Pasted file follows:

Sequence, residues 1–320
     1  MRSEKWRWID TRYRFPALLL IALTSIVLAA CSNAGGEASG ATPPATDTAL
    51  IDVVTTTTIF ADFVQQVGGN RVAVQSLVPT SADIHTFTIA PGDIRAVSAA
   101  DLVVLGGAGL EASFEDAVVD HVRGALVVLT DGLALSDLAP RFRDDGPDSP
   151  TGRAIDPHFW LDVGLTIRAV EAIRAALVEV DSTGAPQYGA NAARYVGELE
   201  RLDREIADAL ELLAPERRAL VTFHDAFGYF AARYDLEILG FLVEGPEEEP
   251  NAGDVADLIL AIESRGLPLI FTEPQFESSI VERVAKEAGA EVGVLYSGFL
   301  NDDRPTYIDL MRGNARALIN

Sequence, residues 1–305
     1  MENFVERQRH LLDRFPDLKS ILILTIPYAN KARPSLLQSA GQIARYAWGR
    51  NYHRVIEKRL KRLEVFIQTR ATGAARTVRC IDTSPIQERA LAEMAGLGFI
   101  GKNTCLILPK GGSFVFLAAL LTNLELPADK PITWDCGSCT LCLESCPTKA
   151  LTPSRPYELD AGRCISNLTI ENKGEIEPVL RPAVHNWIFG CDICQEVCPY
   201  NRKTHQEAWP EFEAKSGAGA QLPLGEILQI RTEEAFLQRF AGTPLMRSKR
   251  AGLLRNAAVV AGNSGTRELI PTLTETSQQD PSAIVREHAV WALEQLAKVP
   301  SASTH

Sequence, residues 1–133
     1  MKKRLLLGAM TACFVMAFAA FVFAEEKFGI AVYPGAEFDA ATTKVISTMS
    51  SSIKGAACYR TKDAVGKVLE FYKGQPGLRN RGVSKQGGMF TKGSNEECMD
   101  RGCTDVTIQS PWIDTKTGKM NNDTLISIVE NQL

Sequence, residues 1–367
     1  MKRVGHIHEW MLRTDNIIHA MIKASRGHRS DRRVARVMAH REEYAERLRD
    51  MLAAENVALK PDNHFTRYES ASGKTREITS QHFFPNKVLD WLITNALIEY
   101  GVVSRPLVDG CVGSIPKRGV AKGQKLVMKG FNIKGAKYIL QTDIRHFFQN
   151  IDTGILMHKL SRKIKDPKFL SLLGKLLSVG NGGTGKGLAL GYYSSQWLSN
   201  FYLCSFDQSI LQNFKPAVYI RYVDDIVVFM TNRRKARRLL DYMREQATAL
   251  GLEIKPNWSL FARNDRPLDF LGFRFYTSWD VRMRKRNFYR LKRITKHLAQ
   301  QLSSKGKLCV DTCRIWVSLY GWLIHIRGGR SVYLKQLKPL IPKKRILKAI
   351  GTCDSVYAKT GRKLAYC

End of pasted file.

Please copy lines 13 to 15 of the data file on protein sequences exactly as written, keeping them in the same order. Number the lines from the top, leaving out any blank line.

   151  LTPSRPYELD AGRCISNLTI ENKGEIEPVL RPAVHNWIFG CDICQEVCPY
   201  NRKTHQEAWP EFEAKSGAGA QLPLGEILQI RTEEAFLQRF AGTPLMRSKR
   251  AGLLRNAAVV AGNSGTRELI PTLTETSQQD PSAIVREHAV WALEQLAKVP